Robert Fripp: The Crimson King

Six decades and counting, Robert Fripp is still a master craftsman serving the Court of the Crimson King.  Fripp co-founded King Crimson in the late 1960s, and with a few hiatus periods, the band, with different members, has played on.  Fripp and King Crimson are synonymous.

Fripp is one of the most influential musicians but one of the least known to mainstream fans.  Most of Fripp’s work is totally outside of commercial music trends, as he focuses on exploring beyond the boundaries of musical genres.

Most musicians want to sell a lot of records but Fripp seems focused on making a lot of records.  According to wikipedia, for the Robert Fripp discography, he has contributed to more than 1100 recordings in his career.  That is a staggering amount of work.

Early King Crimson was a head trip for progressive music fans.  Songs consisted of long musical adventures with eclectic lyrics, featuring jazz chords, flute interludes, with pounding drums and spacey mellotron strings. Besides Fripp, the other King Crimson constant is a changing lineup as well as shifting musical direction.  Fripp has sometimes had multiple drummers and bass players in the lineup at the same time.

Not content to repeat himself or settle into convention, Fripp grew more adventurous, both with King Crimson and his side projects.  Starting in the early 1970s, he was a frequent collaborator with ambient keyboardist Brian Eno (Roxy Music, U2, Talking Heads). Often labeled avant-garde, because no other label was handy, their work was closely associated with David Bowie’s Berlin period. For the novice, the sound can be brash and heavily electronically processed. Fripp and Eno also created spacey, computer crafted tonalities that each would use together, on solo projects and as underpinning atmospherics for other artists. Eno and Fripp were in demand producers who could add texture and color to more traditional rock tracks.

Fripp teamed up with guitarist Andy Summers of the Police, and formed various other guitar bands.

Fripp also produced an early album by Peter Gabriel (Exposure), who was searching for a new sound after leaving Genesis; and a Daryl Hall solo album (Sacred Songs), that barely got released by Hall’s the record company.  Hall’s album was the polar opposite of a smooth blue-eyed soul album of Hall & Oates tunes.

Fripp also produced a series of “Soundscape” live ambient albums, recorded around the world. One man, a guitar, various guitar effects and machines that could create a pastoral blending of sounds that imitate a band of musicians. These soundscapes shimmer and bend notes and chords into a dreamlike atmosphere of sound.  Imagine a one-man Tangerine Dream – that’s Fripp as a solo artist. The sounds coming from the tape machines and processors are like a slow dance of mournful synthesizers played backwards.  Surprisingly, these albums are both soothing and enlightening.  This technique of a wall of processed sound is referred to as “Frippertronics.”  Imagine Fripp in his musical laboratory mixing and creating sounds, building these expansive songs with layers of instrumentation run through digital processors to form the song Fripp has in is head.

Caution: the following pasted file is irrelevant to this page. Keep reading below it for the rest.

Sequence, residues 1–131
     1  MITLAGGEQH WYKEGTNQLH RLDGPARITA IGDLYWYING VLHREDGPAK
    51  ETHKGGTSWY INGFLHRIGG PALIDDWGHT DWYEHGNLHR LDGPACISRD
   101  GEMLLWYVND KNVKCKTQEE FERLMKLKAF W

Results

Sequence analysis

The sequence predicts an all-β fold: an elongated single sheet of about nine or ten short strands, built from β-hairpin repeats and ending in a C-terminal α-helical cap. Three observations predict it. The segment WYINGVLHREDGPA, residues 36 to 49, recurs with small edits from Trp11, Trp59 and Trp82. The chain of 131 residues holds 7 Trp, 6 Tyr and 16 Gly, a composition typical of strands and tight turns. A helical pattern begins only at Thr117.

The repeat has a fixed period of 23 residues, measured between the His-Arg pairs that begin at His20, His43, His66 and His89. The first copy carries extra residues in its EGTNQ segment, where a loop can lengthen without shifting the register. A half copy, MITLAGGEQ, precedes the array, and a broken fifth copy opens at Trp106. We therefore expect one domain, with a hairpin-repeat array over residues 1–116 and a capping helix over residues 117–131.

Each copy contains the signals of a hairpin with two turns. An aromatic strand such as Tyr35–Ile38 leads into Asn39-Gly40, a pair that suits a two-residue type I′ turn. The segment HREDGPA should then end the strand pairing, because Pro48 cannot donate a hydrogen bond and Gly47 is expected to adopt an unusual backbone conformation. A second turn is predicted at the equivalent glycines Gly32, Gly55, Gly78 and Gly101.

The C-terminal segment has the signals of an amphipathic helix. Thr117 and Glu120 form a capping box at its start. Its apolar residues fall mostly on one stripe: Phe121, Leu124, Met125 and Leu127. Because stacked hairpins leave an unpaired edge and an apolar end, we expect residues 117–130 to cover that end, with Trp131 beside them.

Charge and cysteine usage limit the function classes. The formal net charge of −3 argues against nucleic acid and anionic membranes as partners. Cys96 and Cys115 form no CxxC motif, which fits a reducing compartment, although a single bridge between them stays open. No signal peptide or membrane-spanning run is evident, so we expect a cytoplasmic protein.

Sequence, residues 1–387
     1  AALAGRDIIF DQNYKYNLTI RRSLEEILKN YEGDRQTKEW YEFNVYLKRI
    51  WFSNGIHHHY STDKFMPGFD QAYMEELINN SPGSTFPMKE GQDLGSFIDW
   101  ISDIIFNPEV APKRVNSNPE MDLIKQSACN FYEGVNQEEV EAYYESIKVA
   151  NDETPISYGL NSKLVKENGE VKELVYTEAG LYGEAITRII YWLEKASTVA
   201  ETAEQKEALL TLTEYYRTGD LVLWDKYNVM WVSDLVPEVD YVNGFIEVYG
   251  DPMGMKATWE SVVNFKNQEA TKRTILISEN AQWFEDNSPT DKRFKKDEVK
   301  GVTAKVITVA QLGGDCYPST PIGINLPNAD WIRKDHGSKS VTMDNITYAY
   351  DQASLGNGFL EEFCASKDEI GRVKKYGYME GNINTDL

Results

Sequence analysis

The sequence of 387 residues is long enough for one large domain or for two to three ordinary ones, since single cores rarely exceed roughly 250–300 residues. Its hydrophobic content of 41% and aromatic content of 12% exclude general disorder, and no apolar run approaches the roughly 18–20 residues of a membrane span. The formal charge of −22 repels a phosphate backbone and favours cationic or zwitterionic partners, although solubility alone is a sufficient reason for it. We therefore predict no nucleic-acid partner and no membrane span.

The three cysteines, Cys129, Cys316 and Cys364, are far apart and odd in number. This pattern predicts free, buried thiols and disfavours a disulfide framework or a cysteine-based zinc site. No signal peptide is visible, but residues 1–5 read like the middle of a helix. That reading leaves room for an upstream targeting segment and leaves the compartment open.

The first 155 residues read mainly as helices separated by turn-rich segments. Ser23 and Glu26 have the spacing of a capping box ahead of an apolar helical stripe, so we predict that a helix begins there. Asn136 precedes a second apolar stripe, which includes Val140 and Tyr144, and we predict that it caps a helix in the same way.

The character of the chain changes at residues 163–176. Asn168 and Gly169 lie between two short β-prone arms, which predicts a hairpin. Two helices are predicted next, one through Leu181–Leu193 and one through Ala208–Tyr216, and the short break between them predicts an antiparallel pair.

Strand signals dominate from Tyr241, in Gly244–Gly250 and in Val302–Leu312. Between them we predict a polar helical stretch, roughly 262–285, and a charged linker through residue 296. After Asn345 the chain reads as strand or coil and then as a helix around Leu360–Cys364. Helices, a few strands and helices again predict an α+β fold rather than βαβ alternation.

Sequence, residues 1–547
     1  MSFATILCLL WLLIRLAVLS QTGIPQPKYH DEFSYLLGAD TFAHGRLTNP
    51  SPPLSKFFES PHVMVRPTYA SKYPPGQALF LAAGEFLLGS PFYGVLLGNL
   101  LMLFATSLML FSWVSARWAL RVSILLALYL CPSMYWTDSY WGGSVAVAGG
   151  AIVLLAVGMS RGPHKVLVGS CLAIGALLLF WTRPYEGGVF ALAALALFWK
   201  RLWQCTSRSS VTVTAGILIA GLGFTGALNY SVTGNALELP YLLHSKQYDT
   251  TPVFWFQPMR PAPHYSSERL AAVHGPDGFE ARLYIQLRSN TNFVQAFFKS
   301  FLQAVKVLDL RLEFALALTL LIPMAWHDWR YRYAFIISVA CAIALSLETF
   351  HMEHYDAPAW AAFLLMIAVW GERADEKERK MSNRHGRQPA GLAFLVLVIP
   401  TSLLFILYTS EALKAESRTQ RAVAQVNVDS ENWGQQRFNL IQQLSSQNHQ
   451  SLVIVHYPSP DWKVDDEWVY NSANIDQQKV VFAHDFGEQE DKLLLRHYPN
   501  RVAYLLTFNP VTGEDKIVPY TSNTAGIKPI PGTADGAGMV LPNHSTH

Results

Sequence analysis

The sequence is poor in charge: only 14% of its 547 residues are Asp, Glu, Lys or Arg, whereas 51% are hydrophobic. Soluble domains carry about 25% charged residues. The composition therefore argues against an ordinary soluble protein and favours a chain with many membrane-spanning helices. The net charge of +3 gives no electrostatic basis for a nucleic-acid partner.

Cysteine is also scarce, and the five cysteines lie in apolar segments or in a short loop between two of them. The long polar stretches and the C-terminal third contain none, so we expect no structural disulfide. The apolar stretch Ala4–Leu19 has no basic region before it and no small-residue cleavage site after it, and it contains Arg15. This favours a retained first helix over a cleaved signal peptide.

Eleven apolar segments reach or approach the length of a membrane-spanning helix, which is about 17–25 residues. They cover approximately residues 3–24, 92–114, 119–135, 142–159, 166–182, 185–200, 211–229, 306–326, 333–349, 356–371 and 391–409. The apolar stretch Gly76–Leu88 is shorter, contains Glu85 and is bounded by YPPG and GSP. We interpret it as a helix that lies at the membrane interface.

You might be thinking, that sounds too weird for my tastes.  Granted, Fripp’s music is not for everyone.  I don’t believe he ever intended to feed the masses with music.  Instead, he has colored outside the lines and gone where other composer/artists have not.

Through the years, Robert Fripp has created a brand name and product line from King Crimson.  https://www.dgmlive.com/  Is how to enter Frippworld and it is a bit foreboding for the casual fan.  There are longtime, devoted fans and disciples that go full Fripp.

“I’m a very difficult person to work with, because in King Crimson there was a founding statement to be honored, going back to ’69,” Fripp said in a recent interview. “And if what is available fails to meet what I see as a responsibility to the larger Crimson, then that gap has to be met by someone. And it would fall to me. So it’s not a comfortable place.”

“Music is the cup that holds the wine of silence.’’  Even though Fripp became a virtuoso on the guitar at an early age, he spent many years a student, but most of his life he’s been a teacher.

Fripp has always been the seeker, in search of the essence, whatever that may be. Even though he lived the life of the rocker and swam in that lifestyle, it never seem to fit or satisfy him.  Today, a dapper, styled and man who might be a retired university professor, he is still a seeker.

In recent years, Fripp has teamed with his sister Patricia to provide motivational and leadership speeches.  Developing your inner discipline is one of his themes.

“Music is a language in which we can express our struggle with what it is to be a human being,” he says. “Forty years ago there was a market economy. Today there is a market society. Today, everything, including ethics, has a price.”

Ever the seeker.


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